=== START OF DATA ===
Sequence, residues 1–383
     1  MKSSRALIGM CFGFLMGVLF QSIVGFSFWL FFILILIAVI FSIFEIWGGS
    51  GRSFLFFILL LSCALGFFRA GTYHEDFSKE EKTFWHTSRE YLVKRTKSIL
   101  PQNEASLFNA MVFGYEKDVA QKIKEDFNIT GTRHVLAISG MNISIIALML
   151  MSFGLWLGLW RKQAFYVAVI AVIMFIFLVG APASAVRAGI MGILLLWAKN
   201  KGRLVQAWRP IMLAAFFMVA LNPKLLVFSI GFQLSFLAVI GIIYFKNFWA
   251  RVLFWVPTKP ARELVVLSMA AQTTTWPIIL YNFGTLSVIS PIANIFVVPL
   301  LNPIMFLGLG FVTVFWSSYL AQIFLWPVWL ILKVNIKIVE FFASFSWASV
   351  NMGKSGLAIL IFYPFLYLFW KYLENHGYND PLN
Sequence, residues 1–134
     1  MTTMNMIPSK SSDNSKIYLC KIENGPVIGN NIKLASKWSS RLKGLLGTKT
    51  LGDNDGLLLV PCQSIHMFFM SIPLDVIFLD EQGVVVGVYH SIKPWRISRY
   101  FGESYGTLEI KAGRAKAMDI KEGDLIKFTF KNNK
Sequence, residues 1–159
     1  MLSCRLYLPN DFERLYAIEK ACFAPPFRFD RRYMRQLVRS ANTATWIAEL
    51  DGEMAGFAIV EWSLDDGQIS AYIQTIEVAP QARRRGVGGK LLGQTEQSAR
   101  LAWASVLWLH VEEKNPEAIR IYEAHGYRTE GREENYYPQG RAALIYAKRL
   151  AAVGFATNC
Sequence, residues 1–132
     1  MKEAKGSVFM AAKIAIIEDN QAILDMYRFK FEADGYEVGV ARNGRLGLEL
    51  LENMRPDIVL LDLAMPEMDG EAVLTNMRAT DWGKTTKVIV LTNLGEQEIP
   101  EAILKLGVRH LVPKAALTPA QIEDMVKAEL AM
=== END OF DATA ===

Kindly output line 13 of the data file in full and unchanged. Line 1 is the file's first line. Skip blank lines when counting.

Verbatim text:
   101  FGESYGTLEI KAGRAKAMDI KEGDLIKFTF KNNK